By Jon Keller

BOSTON (CBS) – Where would we in the media be without studies, those ubiquitous research projects that offer undisputable proof of either a certain conclusion, or its opposite?

Some studies are more valuable than others. And sometimes they reach a conclusion that they simply cannot explain.

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That’s the case with a new study by a Rutgers University researcher that concludes there is a “spiral of silence” in social media where most people tend to avoid speaking out on public policy issues unless they’re confident their opinion will be popular.

The researcher wonders why a medium that was supposed to give rise to unlimited free expression and debate isn’t doing so, and speculates that people are afraid to alienate friends, co-workers, or future employers.

“Social media users may [also] have witnessed those with minority opinions experiencing ostracism, ridicule or bullying online, and this might increase the perceived risk,” he writes.

No kidding.

Whatever its socially-beneficial impact, there’s no doubt the internet has become party central for bullies, creeps, haters and other assorted trolls, who love to use their anonymity to snipe at anyone who dares to have a contrary opinion.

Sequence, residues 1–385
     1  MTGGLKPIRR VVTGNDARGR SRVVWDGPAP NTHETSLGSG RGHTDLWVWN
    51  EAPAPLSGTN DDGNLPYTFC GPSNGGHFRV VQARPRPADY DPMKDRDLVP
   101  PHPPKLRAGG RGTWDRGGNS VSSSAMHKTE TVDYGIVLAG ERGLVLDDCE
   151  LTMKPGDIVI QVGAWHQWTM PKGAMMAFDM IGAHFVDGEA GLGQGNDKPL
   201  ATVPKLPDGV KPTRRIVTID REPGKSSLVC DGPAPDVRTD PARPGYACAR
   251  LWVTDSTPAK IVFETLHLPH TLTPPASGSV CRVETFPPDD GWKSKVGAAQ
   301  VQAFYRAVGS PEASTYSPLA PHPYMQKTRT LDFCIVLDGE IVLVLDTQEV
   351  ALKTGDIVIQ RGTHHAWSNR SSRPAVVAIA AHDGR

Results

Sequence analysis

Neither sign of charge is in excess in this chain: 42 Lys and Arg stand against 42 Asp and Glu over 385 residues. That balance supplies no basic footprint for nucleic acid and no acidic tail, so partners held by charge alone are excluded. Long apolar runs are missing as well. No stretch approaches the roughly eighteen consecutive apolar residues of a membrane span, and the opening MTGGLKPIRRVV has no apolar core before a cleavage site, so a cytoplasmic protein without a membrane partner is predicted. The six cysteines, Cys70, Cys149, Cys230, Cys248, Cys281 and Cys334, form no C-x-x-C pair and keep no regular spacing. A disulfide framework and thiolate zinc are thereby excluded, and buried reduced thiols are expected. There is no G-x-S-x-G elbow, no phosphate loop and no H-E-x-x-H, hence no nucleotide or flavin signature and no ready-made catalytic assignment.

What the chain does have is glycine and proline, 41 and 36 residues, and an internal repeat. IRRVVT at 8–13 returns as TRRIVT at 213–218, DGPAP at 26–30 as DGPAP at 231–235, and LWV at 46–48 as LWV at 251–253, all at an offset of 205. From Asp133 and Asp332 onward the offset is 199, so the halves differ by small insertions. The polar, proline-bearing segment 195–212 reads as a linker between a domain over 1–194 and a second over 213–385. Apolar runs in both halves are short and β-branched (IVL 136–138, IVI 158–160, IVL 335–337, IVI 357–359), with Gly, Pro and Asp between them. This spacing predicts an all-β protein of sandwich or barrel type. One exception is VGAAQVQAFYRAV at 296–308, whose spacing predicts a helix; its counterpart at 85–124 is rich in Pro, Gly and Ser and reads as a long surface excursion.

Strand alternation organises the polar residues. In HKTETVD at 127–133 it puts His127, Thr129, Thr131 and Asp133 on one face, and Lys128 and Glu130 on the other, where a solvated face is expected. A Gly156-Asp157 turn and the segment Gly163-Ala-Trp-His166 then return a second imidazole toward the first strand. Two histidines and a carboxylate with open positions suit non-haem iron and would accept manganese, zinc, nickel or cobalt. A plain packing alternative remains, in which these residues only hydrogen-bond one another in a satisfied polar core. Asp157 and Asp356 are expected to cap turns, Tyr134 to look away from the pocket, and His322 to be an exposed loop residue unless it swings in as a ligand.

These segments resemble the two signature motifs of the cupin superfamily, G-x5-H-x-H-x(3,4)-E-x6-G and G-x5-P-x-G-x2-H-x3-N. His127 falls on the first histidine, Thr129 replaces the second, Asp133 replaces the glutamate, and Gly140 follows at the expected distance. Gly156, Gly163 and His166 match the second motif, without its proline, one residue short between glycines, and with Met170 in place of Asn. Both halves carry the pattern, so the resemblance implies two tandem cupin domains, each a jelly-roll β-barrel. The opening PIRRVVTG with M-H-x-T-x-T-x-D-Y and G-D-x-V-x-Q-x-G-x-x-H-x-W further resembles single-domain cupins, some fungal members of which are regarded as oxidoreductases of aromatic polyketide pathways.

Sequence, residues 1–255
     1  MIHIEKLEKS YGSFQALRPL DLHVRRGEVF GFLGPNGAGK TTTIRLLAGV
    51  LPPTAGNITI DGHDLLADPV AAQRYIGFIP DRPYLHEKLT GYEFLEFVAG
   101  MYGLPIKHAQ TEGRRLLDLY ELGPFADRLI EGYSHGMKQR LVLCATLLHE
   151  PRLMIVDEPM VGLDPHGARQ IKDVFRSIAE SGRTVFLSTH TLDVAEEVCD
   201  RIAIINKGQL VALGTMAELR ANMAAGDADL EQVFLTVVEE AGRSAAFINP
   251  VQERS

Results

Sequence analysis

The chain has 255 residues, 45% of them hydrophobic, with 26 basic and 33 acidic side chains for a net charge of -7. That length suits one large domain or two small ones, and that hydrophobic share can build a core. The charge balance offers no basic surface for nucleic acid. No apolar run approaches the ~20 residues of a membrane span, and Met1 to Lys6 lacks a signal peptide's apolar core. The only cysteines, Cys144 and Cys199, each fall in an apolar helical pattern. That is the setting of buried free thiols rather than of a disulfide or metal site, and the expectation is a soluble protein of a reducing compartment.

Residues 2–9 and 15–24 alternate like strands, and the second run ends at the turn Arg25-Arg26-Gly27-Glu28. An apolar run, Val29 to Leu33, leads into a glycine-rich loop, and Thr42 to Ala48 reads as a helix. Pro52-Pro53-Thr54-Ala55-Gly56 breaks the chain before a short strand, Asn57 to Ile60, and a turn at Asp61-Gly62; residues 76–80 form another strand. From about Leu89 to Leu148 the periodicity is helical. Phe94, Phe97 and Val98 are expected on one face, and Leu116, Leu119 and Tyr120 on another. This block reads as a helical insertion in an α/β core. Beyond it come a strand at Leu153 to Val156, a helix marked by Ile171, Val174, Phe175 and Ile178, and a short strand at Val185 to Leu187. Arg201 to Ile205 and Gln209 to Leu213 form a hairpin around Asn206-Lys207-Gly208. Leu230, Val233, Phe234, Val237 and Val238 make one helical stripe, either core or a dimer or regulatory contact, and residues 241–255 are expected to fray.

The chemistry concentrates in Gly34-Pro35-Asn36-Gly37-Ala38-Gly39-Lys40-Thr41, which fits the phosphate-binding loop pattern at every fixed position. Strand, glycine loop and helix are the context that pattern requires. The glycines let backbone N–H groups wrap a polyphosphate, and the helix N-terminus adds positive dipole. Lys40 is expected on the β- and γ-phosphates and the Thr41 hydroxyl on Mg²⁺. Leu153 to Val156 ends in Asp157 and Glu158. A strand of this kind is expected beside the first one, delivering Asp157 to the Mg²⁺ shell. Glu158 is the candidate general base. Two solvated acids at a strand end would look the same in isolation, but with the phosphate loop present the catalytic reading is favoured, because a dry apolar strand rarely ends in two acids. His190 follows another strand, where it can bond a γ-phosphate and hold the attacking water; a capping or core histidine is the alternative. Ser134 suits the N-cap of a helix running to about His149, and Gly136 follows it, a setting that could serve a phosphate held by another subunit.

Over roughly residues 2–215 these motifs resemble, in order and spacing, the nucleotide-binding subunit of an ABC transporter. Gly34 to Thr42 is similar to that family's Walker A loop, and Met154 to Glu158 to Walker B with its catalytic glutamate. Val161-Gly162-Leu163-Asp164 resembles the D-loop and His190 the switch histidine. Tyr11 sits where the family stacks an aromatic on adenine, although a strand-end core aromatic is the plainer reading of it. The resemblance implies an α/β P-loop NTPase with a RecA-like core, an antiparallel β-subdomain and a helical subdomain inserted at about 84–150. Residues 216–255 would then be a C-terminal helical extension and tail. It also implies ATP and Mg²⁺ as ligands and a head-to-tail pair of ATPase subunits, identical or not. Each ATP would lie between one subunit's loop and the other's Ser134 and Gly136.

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This has roots in the worst partisanship within our political culture, where the context is good vs. evil and the goal is always destruction of your opponent.

But thank goodness there’s still one place where dissidents can go to express their opinion without anxiety – the voting booth.

At least, that is, the dwindling numbers of us who ever bother to go there.

Listen to Jon’s commentary:

You can listen to Keller At Large on WBZ News Radio every weekday at 7:55 a.m. You can also watch Jon on WBZ-TV News.


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Jon Keller